The demonetisation of Rs 500 and Rs 1,000 notes has led to a drop in the arrival of fruits and vegetables (F&Vs) in wholesale markets such as the Azadpur Mandi in Delhi. It has also adversely impacted as many as 30,000 small F&V traders in Azadpur market and its four sub-mandis alone. But the sowing of rabi crop hasn’t been affected much, yet.
According to Raj Kumar Bhatia, general secretary, chamber of the Azadpur Fruit and Vegetable Traders Association, the arrival of fruits and vegetables have declined by around 10-15% since the demonetisation was announced the past week. The Azadpur mandi supplies more than 15,000 tonne of F&Vs to Delhi and the National Capital Region (NCR) on a daily basis, besides catering to consumers in most northern Indian cities.
“Those traders who conduct daily business of around R8000-R10,000 mostly in cash have been hit hard,” Bhatia said. He said these are small traders who are a vital link between the mandi and the retail shops. Around 2,300 commission agent or arthias procure fruits and vegetables from farmers while smaller traders buy and transport the same to various parts of the NCR. “Although we have been paying farmers through cheques, the current rush for currency conversion and withdrawals from ATMs have made it difficult for them to get money and and use it for purchase of agricultural inputs,” an official with Azadpur Agricultural Produce Market Committee (APMC), told FE.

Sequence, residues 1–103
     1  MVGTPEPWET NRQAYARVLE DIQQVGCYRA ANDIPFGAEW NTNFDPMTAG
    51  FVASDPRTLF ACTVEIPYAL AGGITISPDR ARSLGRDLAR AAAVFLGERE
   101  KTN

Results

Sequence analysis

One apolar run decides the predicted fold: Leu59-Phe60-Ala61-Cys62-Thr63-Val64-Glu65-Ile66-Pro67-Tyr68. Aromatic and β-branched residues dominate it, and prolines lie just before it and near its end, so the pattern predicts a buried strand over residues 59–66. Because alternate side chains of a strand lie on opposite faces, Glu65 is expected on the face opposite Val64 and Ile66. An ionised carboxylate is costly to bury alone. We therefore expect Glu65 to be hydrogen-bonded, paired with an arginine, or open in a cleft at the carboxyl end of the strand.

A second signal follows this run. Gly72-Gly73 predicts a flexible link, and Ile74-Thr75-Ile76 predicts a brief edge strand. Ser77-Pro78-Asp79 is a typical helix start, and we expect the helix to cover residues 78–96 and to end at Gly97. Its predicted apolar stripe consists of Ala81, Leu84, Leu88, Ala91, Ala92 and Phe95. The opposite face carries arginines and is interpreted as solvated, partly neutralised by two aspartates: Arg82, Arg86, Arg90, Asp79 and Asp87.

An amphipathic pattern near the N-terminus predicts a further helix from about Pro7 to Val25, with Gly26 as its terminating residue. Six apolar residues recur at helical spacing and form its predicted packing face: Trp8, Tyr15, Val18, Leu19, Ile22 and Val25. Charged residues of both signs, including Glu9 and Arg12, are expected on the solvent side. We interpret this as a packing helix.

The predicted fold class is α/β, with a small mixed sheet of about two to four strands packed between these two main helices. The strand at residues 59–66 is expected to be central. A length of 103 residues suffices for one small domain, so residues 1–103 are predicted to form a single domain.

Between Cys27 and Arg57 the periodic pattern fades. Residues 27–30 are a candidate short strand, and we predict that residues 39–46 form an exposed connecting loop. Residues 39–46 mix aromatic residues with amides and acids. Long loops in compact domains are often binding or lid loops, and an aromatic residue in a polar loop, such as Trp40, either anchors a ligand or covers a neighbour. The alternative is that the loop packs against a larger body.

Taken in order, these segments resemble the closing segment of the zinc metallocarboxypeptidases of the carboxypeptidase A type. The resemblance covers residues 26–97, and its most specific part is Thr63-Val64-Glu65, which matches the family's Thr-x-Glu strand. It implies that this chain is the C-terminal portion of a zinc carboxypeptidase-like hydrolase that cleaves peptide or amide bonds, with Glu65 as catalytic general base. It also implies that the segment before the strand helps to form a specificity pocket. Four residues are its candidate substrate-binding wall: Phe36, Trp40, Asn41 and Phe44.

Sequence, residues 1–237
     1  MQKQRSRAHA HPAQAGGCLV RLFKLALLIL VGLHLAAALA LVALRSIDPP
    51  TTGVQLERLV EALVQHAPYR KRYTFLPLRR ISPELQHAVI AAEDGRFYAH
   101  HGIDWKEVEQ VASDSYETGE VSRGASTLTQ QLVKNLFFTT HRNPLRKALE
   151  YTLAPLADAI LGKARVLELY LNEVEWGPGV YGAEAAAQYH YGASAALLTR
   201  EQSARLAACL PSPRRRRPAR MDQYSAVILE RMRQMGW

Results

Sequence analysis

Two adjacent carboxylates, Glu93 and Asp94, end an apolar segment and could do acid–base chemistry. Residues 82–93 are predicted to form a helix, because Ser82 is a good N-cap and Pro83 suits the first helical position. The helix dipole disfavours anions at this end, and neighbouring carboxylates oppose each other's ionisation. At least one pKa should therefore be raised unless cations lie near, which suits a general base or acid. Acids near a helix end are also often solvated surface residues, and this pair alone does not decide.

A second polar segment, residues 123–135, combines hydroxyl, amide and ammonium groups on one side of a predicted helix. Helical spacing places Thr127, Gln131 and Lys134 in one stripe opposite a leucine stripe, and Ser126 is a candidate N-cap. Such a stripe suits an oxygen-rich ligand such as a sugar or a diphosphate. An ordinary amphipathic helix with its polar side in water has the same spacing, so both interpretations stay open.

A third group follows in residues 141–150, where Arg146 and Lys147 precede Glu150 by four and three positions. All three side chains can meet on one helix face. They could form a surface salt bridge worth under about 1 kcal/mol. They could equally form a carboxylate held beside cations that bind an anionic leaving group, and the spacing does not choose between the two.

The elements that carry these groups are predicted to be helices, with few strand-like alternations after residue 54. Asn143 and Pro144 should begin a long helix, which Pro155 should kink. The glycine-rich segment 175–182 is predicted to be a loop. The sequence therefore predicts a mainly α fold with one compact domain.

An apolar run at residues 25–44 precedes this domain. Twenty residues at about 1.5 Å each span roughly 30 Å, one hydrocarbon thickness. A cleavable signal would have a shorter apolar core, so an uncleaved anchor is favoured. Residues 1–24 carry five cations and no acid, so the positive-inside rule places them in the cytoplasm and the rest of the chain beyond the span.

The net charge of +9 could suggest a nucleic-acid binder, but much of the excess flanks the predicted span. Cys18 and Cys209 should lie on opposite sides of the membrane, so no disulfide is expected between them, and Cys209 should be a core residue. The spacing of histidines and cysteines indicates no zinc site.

Like Azadpur mandi, the country’s second largest wholesale F&V market in Vashi is also facing problems. On an average, 500 truckloads of fruits and vegetables are brought to the mandi from Uttar Pradesh, Maharashtra, Rajasthan and Madhya Pradesh every day (each truck having a capacity of 12-14 tonne). From Azadpur mandi, small trucks carry fruits and vegetables to local wholesale distributors and then sell the produce to retail consumers.
“Those who carry fruits and vegetables to various parts of the city have also been hit because of shortage of cash,” the official said.
According to an official with a start-up, which sells pre-packed fruits and vegetables through small retailers, they have stopped operations for next few days as retailers have been unable to arrange cash.
Meanwhile, farmers who have just commenced sowing of rabi crops — wheat, mustard in Punjab and Haryana — and have delayed purchase of vital inputs such as pesticides and fertilizers. However, a Punjab Mandi Board official said the situation is not alarming as the middlemen, who essentially pay the farmers by cheques, have been helping them with cash for buying inputs. “The situation is not so critical as things would settle down in the next one week or so,” Gurbhajan Singh Aulak of Punjab Mandi Board said.